100 S C I E N T I F I C A M E R I C A N
© 2008 SCIENTIFIC AMERIC AN, INC.
The Road ahead
the end of
Young people share the most intimate details of personal life on socialnetworking Web sites, portending a realignment of the public and the private
By Daniel J. Solove
e has a name, but most people just know
him as “the Star Wars Kid.” In fact, he
is known around the world by tens of
millions of people. Unfortunately, his notoriety
is for one of the most embarrassing moments in
In 2002, as a 15-year-old, the Star Wars Kid
videotaped himself waving around a golf-ball
retriever while pretending it was a lightsaber.
Without the help of the expert choreographers
working on the Star Wars movies, he stumbled
around awkwardly in the video.
The video was found by some of the boy’s
tormentors, who uploaded it to an Internet video site. It became an instant hit with a multitude of fans. All across the blogosphere, people started mocking the boy, making fun of him for being pudgy, awkward and nerdy. Several remixed videos of the Star Wars Kid
started popping up, adorned with special effects. People edited the video to make the golfball retriever glow like a lightsaber. They added Star Wars music to the video. Others mashed it
up with other movies. Dozens of embellished
versions were created. The Star Wars Kid appeared in a video game and on the television shows Family Guy and South Park. It is one
thing to be teased by classmates in school, but
imagine being ridiculed by masses the world
over. The teenager dropped out of school and
had to seek counseling. What happened to the
w w w. S c i A m . c o m
Star Wars Kid can happen to anyone, and it can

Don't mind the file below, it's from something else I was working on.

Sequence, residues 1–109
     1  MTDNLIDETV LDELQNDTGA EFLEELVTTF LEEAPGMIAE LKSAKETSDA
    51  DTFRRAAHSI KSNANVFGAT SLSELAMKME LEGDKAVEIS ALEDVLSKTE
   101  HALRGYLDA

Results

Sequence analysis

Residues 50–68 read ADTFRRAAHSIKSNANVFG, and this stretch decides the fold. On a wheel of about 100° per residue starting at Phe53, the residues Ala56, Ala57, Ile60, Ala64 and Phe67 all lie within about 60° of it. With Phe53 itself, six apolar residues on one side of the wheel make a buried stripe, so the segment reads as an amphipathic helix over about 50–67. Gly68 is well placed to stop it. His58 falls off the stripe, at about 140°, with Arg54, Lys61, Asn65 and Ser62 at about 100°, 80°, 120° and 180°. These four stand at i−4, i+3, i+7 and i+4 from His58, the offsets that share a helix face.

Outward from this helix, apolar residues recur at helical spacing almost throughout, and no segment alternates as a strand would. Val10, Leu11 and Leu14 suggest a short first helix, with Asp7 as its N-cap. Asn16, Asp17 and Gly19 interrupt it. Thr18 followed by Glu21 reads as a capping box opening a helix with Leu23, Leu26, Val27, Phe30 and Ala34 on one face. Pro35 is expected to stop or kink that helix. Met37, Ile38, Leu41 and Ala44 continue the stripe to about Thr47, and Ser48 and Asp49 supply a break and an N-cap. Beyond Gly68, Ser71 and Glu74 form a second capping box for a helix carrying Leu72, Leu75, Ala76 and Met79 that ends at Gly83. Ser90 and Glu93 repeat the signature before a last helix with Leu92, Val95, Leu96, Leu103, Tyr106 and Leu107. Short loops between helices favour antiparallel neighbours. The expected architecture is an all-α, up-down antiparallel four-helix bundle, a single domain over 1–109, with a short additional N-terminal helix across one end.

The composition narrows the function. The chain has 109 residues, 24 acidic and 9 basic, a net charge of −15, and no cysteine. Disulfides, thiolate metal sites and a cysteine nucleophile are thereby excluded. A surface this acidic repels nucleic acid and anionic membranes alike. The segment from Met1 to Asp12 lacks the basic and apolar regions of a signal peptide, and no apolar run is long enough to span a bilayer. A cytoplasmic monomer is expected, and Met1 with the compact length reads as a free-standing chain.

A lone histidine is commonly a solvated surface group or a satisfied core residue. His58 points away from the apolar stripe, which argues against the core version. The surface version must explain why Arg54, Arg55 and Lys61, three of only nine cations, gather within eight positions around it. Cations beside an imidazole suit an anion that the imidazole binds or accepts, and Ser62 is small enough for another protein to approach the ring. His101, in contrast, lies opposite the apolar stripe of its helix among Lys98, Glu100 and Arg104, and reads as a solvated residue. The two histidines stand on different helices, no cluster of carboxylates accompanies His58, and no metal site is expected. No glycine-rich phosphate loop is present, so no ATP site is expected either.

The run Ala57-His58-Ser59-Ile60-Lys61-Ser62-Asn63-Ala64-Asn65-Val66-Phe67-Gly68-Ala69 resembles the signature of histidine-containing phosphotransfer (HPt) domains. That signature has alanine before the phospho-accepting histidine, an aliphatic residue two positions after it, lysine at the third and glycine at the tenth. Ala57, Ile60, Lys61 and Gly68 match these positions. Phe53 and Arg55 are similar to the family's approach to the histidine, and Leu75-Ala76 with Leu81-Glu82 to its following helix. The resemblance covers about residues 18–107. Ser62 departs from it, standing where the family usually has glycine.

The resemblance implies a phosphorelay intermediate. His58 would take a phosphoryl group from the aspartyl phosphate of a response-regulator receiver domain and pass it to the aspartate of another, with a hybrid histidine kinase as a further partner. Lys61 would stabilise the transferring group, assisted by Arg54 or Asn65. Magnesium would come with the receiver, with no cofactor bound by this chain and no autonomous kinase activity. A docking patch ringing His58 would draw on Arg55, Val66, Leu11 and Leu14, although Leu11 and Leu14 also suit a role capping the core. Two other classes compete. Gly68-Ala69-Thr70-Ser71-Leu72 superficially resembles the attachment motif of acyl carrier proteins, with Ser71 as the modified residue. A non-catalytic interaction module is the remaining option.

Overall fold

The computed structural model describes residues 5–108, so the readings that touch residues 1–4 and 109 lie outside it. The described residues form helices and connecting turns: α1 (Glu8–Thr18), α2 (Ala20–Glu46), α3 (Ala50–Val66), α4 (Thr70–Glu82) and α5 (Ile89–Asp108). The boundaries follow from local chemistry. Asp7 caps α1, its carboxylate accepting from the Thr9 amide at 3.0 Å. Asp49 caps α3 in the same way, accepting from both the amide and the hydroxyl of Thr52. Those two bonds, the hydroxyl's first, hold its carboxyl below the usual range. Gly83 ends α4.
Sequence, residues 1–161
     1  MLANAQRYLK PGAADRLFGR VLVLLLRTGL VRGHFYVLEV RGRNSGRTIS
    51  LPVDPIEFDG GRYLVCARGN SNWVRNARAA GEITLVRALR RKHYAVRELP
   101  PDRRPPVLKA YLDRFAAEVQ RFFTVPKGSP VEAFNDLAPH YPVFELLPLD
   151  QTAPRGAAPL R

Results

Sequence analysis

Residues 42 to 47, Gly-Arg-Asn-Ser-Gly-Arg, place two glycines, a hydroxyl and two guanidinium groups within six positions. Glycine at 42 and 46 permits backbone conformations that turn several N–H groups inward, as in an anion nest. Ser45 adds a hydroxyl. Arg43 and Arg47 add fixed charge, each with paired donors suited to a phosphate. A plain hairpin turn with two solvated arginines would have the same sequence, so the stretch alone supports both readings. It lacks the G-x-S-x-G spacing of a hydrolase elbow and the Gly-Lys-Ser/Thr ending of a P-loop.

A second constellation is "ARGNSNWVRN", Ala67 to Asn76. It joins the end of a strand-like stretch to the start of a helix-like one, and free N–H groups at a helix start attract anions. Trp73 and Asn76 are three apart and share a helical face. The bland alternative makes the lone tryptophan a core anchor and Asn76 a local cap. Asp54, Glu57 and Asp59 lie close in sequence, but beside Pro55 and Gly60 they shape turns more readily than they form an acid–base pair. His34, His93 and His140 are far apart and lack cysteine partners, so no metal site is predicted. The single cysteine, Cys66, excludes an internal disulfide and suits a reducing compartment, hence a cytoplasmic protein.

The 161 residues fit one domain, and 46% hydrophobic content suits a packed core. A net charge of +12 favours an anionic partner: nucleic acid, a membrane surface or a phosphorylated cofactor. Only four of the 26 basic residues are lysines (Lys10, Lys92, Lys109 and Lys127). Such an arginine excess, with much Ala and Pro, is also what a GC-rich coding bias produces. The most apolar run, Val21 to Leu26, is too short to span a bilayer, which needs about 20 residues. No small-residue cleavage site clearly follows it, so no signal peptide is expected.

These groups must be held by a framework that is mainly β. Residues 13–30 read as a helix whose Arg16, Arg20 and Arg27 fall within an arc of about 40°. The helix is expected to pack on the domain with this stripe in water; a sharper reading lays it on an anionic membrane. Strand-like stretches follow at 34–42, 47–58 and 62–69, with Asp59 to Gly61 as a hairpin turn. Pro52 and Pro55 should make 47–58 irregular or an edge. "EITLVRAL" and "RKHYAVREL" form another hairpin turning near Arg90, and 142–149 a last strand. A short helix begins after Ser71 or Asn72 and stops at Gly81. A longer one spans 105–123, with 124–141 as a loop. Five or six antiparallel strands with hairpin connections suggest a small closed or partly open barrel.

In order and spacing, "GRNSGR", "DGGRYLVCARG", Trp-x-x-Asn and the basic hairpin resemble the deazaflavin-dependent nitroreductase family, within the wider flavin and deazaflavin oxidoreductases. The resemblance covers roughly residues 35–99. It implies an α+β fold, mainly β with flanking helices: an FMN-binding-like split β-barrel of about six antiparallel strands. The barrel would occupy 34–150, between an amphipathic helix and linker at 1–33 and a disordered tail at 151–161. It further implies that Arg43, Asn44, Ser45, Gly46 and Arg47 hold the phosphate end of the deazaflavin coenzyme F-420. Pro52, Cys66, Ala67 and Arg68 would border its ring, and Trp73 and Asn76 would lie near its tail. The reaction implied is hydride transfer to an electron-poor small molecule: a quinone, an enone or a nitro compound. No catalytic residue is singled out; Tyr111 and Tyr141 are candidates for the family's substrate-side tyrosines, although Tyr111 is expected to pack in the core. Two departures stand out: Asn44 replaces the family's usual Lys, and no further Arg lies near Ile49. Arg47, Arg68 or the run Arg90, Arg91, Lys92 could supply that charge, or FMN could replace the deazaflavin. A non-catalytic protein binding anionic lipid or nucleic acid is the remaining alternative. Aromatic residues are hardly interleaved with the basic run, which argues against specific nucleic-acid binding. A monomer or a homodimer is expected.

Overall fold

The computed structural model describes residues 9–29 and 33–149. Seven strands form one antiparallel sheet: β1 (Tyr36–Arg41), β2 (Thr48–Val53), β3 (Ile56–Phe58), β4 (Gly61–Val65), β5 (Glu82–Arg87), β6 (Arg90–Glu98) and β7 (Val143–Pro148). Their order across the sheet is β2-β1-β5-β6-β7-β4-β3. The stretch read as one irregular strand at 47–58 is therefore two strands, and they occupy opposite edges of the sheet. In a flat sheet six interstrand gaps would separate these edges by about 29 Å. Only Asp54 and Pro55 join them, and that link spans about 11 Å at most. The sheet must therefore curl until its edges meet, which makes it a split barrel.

happen in an instant. Today collecting personal
information has become second nature. More
and more people have cell phone cameras, digital audio recorders, Web cameras and other recording technologies that readily capture details about their lives. For the first time in history nearly anybody
can disseminate information around the world.
People do not need to be famous enough to be
interviewed by the mainstream media. With the
Internet, anybody can reach a global audience.
Technology has led to a generational divide.
On one side are high school and college students
whose lives virtually revolve around social-networking sites and blogs. On the other side are their parents, for whom recollection of the past
often remains locked in fading memories or, at
best, in books, photographs and videos. For the
current generation, the past is preserved on the
Internet, potentially forever. And this change
raises the question of how much privacy people
can expect— or even desire — in an age of ubiquitous networking.
The number of young people using social-networking Web sites such as Facebook and My Space is staggering. At most college campuses,
more than 90 percent of students maintain their
own sites. I call the people growing up today
© 20 08 SCIENTIFIC AMERIC AN, INC.
S ocial-networking sites
allow seemingly trivial
gossip to be distributed
to a worldwide audience,
sometimes making people
the butt of rumors shared
by millions of users across
P ublic sharing of private
lives has led to a rethinking of our current conceptions of privacy. E xisting law should be
extended to allow some
privacy protection for
things that people say and
do in what would have
previously been considered the public domain.
S C I E N T I F I C A M E R I C A N
Every day people post
more than 65,000 videos
In 2006 MySpace surpassed
100 million profiles.
Since 1999 the number
of blogs has grown from
50 to 50 million.
More than 50 percent
of blogs are written by children
younger than 19.
“Generation Google.” For them, many fragments of personal...
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